In a most preferred embodiment, combiner 44 is a multi-track combiner with an increasing gradient of speed leading to higher speed single track 46 as described in co-pending and commonly assigned Canadian patent application serial no. 2,188,735 filed on Oct. 24, 1996. However, combiner 44 may also be of standard design with constant speed track. In both cases, lateral guide 48 will cause pucks 10 to rotate until locking their rotational orientation by sliding engagement of flat surface 40 on lateral guide 48.

It is to be understood that the combining operation on combiner 44 and the orientation feature of lateral guide 48 can be accomplished as two separate functions. Pucks 10 could be first combined in single file and later oriented by contacting lateral guide 48 located downstream from combiner 44.

Hence, pucks 10, are guided on single file conveying track 46 until reaching a sliding chute 52 where pucks are held in lateral contact while maintaining the rotational orientation given by lateral guides 48. Pucks 10 are then pushed, four at a time, onto a belt conveyor 54 by belt driven lateral guides 56. Belt conveyor 54 is provided with regularly spaced tongues 58, orthogonal to the belt and adapted to slidably engage groove 36 in the base of pucks 10 as shown in FIG. 7. As previously mentioned, groove 36 is slightly flared as shown by numeral 38 to allow slight initial misalignment of groove 36 and tongues 58. Belt conveyor 54 is moved forward in a stop and go fashion, preferably by a step motor, to allow pouches 14 to be suspended above and dropped, four at a time and according to a timed sequence, into pucks 10 by filler apparatus 50 which drops pouches 14. When dropped, each pouch 14 of course will have the same spatial orientation so that it may fit the top opening of puck 10. It is to be noted that in this arrangement, slide surface 40 on puck 10 allows rotational alignment of puck 10 so that groove 36 can engage tongue 58. Indeed, slide surface 40 and groove 36 are parallel.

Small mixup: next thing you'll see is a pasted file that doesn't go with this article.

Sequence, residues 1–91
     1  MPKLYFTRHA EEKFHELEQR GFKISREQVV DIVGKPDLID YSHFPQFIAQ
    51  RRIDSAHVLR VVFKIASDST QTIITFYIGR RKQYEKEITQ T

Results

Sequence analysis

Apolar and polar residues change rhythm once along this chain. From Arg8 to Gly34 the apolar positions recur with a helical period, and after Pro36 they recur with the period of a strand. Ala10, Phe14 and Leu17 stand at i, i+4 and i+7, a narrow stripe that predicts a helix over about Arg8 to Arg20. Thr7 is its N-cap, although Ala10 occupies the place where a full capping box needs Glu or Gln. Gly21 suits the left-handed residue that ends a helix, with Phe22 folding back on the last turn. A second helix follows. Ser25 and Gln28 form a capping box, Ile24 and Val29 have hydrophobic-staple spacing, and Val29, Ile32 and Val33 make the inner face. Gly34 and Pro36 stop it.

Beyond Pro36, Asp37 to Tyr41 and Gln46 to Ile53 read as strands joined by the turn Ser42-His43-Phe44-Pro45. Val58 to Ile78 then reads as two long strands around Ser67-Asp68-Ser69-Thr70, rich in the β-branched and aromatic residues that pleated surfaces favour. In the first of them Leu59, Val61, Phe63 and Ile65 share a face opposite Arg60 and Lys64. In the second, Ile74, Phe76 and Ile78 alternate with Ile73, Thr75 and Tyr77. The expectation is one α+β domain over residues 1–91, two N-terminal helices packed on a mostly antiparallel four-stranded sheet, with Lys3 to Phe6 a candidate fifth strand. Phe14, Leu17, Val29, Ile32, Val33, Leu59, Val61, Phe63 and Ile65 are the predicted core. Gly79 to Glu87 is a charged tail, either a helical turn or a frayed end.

Once pucks 10 are loaded with pouches 14, these exit from belt conveyor by sequentially push from lateral belt conveyor 60 provided with projecting baffles 62 which push pucks 10, four at a time, onto single file conveyor 64 in unison with the filling rate of filler apparatus 50.

Once on conveyor 64, the pucks are weighed on weight station 66. Any pucks 10 which failed to receive a pouch 14 or which have underfilled or overfilled pouches 14 are sorted away from conveying line 68.

Line 68 leads to an accumulation conveying area 70 where bulk advancement of pucks 10 is achieved. Those skilled in the art will immediately understand that accumulation areas are very useful in a conveying circuit since they allow upstream and downstream apparatus to be temporarily down without having to shut down the entire conveying circuit.

A bulk flow of loaded pucks 10 then enters a combiner 74 similar to combiner 44 described above with the exception that lateral guide 76 is vertically spaced from lateral guide 48 and is adapted to functionally interact with flat surface 32 which is also vertically spaced form flat surface 40. This allows lateral guide 76 to slidably engage flat surface 32 thereby locking the rotational orientation of pucks 10 as these move to single file conveyor 78 as shown in FIG. 6.